Mary Anning

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Mary Anning (21 May 1799 – 9 March 1847) was a British fossil collector, dealer and palaeontologist who became known around the world for having made a number of important finds in the Jurassic age marine fossil beds at Lyme Regis where she lived.[2] Her work contributed to the fundamental changes in scientific thinking about prehistoric life and the history of the earth that occurred in the early 19th century.

Anning searched for fossils in the area's Blue Lias cliffs, particularly during the winter months when landslides exposed new fossils that had to be collected quickly, before they were lost to the sea. It was dangerous work, and she nearly lost her life in 1833 during a landslide that killed her dog Tray. Her discoveries included the first ichthyosaur skeleton to be correctly identified, which she and her brother Joseph found when she was just twelve years old, the first two plesiosaur skeletons ever found, the first pterosaur skeleton located outside Germany, and some important fish fossils. Her observations played a key role in the discovery that belemnite fossils contained fossilised ink sacs, and that coprolites, known as bezoar stones at the time, were fossilised faeces. When geologist Henry De la Beche painted Duria Antiquior, the first widely circulated pictorial representation of prehistoric life based on fossil reconstructions, he based it largely on fossils Anning had found, and sold prints of it for her benefit.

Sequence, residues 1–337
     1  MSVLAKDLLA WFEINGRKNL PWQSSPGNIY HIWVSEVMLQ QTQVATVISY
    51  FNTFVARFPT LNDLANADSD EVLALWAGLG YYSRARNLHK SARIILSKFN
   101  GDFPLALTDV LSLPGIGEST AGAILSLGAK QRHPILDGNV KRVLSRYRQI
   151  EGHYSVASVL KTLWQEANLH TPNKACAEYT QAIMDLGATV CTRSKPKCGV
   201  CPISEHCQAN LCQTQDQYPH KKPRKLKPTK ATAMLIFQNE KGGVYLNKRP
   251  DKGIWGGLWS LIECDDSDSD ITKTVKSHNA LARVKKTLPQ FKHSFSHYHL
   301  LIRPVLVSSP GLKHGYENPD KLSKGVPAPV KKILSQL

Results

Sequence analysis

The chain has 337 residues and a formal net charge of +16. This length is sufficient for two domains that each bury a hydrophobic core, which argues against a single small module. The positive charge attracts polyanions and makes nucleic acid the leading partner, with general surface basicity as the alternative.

Anning's sex and social class prevented her from fully participating in the scientific community of 19th-century Britain, dominated as it was by wealthy Anglican gentlemen. She struggled financially for much of her life—her family were poor, religious dissenters and her father, a cabinetmaker, died when she was eleven. Although she became well known in geological circles in Britain, Europe and America, she was not eligible to join the Geological Society of London because she was a woman, and did not always receive full credit for her contributions; indeed she wrote in a letter: "The world has used me so unkindly, I fear it has made me suspicious of everyone."[3] The only scientific writing of hers published in her lifetime was an extract from a letter she wrote in 1839 to the Magazine of Natural History questioning one of its claims.[4] After her death her unusual life story attracted increasing interest. Charles Dickens wrote of her in 1865 that "[t]he carpenter's daughter has won a name for herself, and has deserved to win it."[3] A panel of experts invited by the Royal Society in 2010 included Anning in a list of the ten British women who have most influenced the history of science.[5]


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